JUST IN: But for Nigeria’s Season of Popular Anger, VP Kashim Shettima Would Have Received a National Ovation

A poor quality but revealing picture of the performance

How great it would have been if Nigerians were in a happy mood rather than when they too have withdrawn clapping for a subsidy withdrawing regime.

Vice-president Kashim Shettima’s flawless performance at the United Nations Summit on Food Security in Rome would have been a major credit for the Presidency and celebrated as such….CONTINUE READING

It is simply impossible to watch it and not experience an overflow of admiration for his presentation skills. The diction and the content were in tandem and it was too organised for an off the cuff presentation. Although references to his boss followed the typically Nigerian style of doing it, it was not overdone.

As Intervention always say, when an issue is about Nigeria outside Nigeria, a pro-Nigerian stance takes precedence. So also this case. The achievement of his appearance at the occasion is that his eloquence overshadowed the content of his presentation which was a basically a defence of the variant of neoliberalism the Tinubu administration appear determined to pursue without first transforming the economy into a manufacturing one.

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The VP’s first diplomatic outing brought back memories of what the late Prof Nur Alkali said about him during a conversation. Shettima’s name came up for mention at the discussion session after a lengthy but cerebral interview he gave to Media Trust. That was shortly after or around the 2011 presidential election. Prof Alkali talked of how they sent Shettima to train as an Agricultural Economist in the US and how he (Shettima) had learnt beyond Agricultural Economics. Prof Nur Alkali would have been very happy to be alive to see the Agricultural Economist turned into VP of the Federal Republic of Nigeria.

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In a rhetorical world, eloquence is a crucial power resource. People like Shettima (and Yemi Osinbajo before him, particularly for those who listened to Osinbajo’s speech at a UN function on Tourism where he served an appetizer of ‘Buga’ and where his espousal of popular culture as an instrument for the materialisation of Nigeria is a classic in critical geopolitics) are needed for certain state assignments requiring such skills, in or out of government. Once the matter is outside the borders of Nigeria, any possessor of peculiar skills must be sought after. A state register of people with peculiar skills has become an imperative for materialising a country in a world in which managing abundance of competing narratives and texts has morphed into the heart of strategy. A country can be an oil producer, the largest economy here and there and all that but still be downgraded in reckoning for a smaller but discourse savvy country.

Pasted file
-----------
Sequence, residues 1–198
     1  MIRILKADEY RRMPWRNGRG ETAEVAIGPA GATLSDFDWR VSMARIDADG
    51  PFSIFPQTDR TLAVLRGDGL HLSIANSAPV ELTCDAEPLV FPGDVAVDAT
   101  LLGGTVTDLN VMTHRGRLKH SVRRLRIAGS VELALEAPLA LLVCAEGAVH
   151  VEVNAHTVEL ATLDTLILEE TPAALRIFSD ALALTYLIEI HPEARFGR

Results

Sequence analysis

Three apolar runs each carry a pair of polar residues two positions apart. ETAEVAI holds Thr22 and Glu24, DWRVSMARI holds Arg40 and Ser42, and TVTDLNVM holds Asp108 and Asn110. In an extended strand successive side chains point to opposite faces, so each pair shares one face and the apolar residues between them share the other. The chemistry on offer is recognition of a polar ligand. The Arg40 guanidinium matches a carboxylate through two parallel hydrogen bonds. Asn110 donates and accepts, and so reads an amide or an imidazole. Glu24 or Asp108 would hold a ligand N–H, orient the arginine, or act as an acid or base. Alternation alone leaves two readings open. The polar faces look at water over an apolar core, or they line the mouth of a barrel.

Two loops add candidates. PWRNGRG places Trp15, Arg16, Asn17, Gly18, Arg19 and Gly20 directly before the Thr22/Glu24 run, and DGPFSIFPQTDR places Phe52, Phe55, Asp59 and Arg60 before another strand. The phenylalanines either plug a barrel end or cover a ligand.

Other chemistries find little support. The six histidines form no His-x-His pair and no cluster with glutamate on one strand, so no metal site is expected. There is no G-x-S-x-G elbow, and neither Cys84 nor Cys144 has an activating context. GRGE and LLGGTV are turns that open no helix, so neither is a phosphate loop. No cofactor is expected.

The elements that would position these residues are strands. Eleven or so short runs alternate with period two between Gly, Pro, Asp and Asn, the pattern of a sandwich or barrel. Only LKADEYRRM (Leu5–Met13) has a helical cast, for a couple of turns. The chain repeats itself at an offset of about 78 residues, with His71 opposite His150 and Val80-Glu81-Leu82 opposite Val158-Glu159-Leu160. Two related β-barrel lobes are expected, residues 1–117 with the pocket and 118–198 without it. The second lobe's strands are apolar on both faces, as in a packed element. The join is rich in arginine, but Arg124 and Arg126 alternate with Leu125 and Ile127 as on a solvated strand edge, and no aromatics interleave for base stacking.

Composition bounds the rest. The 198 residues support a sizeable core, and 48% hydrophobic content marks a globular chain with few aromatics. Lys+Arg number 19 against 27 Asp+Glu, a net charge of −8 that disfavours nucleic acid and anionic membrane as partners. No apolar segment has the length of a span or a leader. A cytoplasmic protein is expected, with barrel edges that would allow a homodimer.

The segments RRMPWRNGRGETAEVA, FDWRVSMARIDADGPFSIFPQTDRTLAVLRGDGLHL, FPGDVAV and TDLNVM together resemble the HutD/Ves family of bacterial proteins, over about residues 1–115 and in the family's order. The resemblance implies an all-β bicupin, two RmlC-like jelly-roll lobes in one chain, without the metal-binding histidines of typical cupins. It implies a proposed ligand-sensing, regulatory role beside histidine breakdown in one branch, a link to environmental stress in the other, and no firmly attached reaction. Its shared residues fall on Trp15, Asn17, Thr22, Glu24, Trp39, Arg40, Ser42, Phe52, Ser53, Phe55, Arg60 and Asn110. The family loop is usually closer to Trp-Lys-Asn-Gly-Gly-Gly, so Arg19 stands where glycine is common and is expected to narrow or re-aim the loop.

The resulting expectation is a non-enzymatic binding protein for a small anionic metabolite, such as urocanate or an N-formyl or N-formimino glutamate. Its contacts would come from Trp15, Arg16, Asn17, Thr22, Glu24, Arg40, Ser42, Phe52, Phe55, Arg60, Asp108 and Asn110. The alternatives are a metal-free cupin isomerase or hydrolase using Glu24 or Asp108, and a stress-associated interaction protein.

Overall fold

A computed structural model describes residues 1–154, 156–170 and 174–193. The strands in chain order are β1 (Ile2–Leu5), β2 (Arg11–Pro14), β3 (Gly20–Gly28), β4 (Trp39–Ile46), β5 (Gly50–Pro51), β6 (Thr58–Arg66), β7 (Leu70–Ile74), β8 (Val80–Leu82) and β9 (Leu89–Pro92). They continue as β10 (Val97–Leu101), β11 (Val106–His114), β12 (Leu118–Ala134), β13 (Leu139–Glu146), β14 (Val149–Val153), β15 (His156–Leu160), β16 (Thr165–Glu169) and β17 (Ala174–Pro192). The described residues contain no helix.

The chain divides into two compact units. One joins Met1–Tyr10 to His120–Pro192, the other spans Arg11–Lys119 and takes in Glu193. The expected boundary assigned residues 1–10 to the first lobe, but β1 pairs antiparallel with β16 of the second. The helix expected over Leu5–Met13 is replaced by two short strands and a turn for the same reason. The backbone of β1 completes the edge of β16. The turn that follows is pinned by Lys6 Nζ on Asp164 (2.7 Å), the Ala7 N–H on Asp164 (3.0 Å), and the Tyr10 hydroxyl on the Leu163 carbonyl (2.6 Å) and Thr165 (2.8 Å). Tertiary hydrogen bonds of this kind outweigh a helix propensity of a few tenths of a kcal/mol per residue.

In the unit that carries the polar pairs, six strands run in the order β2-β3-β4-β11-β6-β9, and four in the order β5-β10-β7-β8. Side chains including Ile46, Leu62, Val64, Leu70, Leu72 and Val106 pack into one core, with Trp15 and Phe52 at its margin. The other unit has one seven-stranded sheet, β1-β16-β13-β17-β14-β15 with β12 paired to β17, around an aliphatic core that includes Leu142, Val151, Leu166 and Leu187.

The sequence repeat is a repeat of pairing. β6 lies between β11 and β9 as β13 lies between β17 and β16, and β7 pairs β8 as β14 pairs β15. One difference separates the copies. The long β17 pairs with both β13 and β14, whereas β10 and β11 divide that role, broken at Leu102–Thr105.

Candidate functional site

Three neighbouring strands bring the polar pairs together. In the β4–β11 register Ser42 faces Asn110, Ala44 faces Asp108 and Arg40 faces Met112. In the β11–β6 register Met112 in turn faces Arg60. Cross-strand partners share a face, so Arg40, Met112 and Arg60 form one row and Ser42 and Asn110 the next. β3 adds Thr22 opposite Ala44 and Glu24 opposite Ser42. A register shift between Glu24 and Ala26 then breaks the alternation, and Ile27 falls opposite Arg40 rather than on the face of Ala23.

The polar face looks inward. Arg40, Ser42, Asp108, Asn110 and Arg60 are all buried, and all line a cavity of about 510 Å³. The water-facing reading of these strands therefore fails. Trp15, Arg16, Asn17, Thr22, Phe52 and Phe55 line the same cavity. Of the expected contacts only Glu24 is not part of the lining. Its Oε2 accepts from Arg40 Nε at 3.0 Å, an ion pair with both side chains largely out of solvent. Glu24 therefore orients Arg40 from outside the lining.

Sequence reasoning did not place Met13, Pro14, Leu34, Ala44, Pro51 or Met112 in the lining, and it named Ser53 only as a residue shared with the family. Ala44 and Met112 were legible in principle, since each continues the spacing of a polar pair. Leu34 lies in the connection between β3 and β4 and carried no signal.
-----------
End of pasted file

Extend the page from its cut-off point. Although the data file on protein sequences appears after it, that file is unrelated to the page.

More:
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It is in that context that Shettima’s performance is not a small thing, to fall back on Nigerian English. But for the season of popular anger across Nigeria, the Vice-president would have received a national ovation on return. It just remains puzzling why a regime would be prepared to simply de-legitimise itself too completely just because of a single policy no one else is in support of.

Intervention thanks the retired ambassador who posted the video on several WhatsApp platforms based on a Kenya digital studio recording of Shettima’s session….CONTINUE READING